Cameron Trost is a writer of strange, mysterious, and creepy tales about people just like you. He is the author of Hoffman’s Creeper and Other Disturbing Tales and The Tunnel Runner, and is the creator of Oscar Tremont, Investigator of the Strange and Inexplicable. He hails from Australia but now lives on the rugged coast of Brittany. Castles, forests, storms, and whisky are a few of his favourite things. His story “Mrs Partridge’s Pussy” was published in Guilty Pleasures and Dark Delights. 

Tabatha Wood invites him deep into the Well to discuss what makes his writing unique to him, which fictional character he’d like to have a coffee with, and the biggest lesson he’s learned as a writer.

Cameron Trost

G’day, Cameron, please come in and make yourself comfortable. Ignore the bloody mess in the corner, I think that was the Creature’s last meal…

Can you describe your writing style in five words?
Mysterious, subtle, atmospheric, misleading, mousetrap.

What three themes make your writing instantly recognisable as yours, and yours only
Storms. Hidden passages. Whisky.

If you could go for a coffee with any fictional character (including one of your own) who would you choose and why?
By no means an original answer, but I’d have to say Sherlock Holmes, the character for fans of mystery fiction, and arguably for fans of suspense and horror as well. Doctor Watson recounted so many of his adventures to an eager public, but I’m sure over a cup of coffee (even though it’s not Sherlock’s preferred stimulant) he would be happy to share one of his hitherto unknown cases with me. I’d also like to drink a whisky with my own detective, Oscar Tremont. As his creator, I already know more about him than anybody else, and yet I can’t help feeling I would gain so much more insight into him if we could meet tête-à-tête.

How do you want to be remembered?
The world of writing today is so different from thirty years ago, let alone a century ago. The rise of small press publishing and self-publishing, enabled by POD technology and ebooks, has changed the game. This means there’s now a vast and deep ocean of writing out there, some shallow, some profound, some spectacular and wild, much of it stagnant and polluted. The horror legends of the past like Edgar Allan Poe and H. P. Lovecraft probably wouldn’t even make much more than a ripple these days. Stephen King, Clive Barker, Graham Masterton, and Ramsey Campbell were most likely the last of the big names in the genre. It’s hard to imagine individual authors becoming so well-known for so long these days. So, in short, being remembered at all would already be an impressive achievement. I guess I’d like to be remembered for what I write best; short mysteries and suspense stories with a nasty twist at the end. More specifically, I hope Oscar Tremont finds a place in every list of great fictional detectives. I know he deserves it!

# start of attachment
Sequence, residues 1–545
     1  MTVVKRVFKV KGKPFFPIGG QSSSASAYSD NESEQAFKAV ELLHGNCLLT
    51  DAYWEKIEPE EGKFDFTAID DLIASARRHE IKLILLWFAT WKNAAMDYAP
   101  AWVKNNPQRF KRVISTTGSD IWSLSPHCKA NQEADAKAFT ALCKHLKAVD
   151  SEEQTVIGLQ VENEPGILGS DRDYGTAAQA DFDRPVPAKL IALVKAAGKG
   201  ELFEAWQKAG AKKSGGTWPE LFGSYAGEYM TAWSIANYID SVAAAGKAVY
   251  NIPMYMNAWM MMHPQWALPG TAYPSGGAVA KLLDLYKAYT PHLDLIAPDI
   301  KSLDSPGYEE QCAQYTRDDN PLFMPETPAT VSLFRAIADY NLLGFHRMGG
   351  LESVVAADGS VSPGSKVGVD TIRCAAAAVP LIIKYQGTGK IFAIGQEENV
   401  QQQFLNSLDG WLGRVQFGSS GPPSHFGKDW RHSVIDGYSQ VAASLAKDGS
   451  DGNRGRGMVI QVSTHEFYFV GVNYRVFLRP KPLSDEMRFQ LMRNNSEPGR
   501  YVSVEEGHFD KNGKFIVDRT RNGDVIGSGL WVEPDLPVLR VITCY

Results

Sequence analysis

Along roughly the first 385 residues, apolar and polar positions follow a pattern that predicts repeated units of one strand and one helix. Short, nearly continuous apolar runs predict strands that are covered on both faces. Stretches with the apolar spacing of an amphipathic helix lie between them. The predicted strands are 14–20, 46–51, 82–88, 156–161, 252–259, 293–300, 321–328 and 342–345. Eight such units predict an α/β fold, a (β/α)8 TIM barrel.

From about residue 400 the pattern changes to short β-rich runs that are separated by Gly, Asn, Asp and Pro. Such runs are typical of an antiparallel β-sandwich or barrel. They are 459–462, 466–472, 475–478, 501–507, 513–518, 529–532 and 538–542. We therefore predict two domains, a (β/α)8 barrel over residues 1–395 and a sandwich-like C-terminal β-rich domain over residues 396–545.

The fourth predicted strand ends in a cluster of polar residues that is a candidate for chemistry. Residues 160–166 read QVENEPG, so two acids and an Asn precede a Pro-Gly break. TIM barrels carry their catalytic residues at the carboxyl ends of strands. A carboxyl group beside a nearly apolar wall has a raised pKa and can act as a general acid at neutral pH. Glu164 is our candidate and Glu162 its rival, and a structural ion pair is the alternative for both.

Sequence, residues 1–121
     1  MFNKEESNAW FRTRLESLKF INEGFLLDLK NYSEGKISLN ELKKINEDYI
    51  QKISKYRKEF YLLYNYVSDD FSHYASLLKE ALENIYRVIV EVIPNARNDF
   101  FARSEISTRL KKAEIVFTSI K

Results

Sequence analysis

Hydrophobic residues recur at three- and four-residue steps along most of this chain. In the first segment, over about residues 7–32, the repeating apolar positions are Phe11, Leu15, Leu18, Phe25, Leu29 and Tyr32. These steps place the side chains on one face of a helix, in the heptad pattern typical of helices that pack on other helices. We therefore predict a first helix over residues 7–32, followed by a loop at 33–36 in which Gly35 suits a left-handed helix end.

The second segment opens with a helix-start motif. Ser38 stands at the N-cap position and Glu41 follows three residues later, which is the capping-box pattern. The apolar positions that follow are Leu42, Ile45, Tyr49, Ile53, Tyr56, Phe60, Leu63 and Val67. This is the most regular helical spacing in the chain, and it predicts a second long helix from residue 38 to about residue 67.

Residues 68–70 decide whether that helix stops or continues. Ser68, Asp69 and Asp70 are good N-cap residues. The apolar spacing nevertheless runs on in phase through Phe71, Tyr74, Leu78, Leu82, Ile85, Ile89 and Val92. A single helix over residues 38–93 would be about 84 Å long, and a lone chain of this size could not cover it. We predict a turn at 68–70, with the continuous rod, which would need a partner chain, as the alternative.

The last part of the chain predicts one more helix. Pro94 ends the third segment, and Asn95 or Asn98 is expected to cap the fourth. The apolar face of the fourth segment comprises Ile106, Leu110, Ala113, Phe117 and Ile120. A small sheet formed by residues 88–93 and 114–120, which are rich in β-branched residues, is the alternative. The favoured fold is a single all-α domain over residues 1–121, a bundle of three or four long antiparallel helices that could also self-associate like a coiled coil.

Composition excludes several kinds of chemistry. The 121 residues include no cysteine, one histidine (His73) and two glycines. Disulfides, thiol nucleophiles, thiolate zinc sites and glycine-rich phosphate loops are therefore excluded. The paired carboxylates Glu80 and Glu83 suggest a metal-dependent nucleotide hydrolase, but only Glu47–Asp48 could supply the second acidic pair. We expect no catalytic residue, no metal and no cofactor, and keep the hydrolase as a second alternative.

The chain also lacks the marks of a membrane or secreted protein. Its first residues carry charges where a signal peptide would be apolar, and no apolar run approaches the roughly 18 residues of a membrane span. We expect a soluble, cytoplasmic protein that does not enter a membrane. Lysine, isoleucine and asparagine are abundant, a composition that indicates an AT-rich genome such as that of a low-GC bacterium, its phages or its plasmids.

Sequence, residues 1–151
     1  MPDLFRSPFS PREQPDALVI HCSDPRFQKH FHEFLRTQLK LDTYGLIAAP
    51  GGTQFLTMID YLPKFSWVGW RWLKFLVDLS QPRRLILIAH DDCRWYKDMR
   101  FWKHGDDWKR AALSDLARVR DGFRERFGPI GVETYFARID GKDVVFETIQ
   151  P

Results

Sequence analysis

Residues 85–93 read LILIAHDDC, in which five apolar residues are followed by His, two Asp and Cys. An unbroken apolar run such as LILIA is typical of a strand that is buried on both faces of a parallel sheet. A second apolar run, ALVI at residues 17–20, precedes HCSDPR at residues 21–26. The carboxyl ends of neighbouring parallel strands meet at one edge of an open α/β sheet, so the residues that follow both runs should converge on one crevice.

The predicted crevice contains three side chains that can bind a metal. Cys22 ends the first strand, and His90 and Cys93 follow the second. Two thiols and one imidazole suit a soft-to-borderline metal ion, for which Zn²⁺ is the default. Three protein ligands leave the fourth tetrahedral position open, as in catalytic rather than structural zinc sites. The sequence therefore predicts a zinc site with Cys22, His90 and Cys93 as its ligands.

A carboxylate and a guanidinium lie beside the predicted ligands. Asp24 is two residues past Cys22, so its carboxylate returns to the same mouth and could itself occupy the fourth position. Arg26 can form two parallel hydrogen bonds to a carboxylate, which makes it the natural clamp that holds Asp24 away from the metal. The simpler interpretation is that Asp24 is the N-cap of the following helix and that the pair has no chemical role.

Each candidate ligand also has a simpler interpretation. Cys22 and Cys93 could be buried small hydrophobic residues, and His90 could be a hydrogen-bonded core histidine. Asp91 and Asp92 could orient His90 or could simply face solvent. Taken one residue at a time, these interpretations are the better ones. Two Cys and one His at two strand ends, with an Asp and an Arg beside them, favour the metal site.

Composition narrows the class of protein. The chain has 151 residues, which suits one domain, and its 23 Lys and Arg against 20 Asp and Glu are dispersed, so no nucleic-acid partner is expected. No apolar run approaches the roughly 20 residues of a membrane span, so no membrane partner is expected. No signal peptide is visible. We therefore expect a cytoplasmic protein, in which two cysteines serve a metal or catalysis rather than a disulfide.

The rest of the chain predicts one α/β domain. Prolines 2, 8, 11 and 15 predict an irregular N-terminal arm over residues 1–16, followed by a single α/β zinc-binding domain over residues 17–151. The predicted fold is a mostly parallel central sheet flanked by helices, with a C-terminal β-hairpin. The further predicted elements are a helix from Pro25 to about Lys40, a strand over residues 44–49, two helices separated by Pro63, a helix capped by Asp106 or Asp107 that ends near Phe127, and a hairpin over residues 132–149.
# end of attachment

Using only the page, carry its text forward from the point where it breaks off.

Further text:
What inspired your story for Guilty Pleasures? Is there a story behind the story?
There is absolutely no truth behind “Miss Partridge’s Pussy”, I swear. What inspired it? I’ve probably read too many of Roald Dahl’s quirky tales, but ultimately it was the anthology title. I thought about a guilty pleasure, and decided to give it an everyday suburban setting. I wanted it to be plausible yet almost unthinkable. The idea grew from there.

What’s the biggest lesson you’ve learned as a writer?
Don’t rush to get a story out there when it’s not ready. The world is full of half-baked stories and even major publishing houses release books with printing errors every tenth page. Take your time and do your tale justice. If it doesn’t deserve time and effort, it doesn’t deserve to be read. Simple.

What do you think is your biggest obstacle when it comes to writing?
I never have writers block, so that’s not an issue. There are three obstacles; the day job, housework, and family. I resent the time taken up by the first two, but that’s life. The best thing about not having much time to write is that when I have time, I love every second of the process.

Do you have any upcoming books/work which you’d like to mention? Or previous works which you’d like to draw attention to?
I’m currently working on the next anthology to be released through my publishing house, Black Beacon Books; It’s a mystery anthology. We’ll also be opening for submissions in 2020 for an anthology called “Murder and Machinery”. As for my writing, I’m putting the finishing touches to my second novel and looking at potential publishers, writing more Oscar Tremont mysteries, and my second short story collection is ready; I’m waiting for the last short story in it to be published (“Cleopatra’s Mystery Box” forthcoming in Nefariam: The Element of Crime, ID Press). Once rights have reverted to me, I hope to have the collection published. You can also read a little more about me and my books at my blog

Thank you, Cameron, I wish you very well with your writing goals, and thank you for braving the Well. It looks like the Creatures are getting hungry again, best leave now while you still can!


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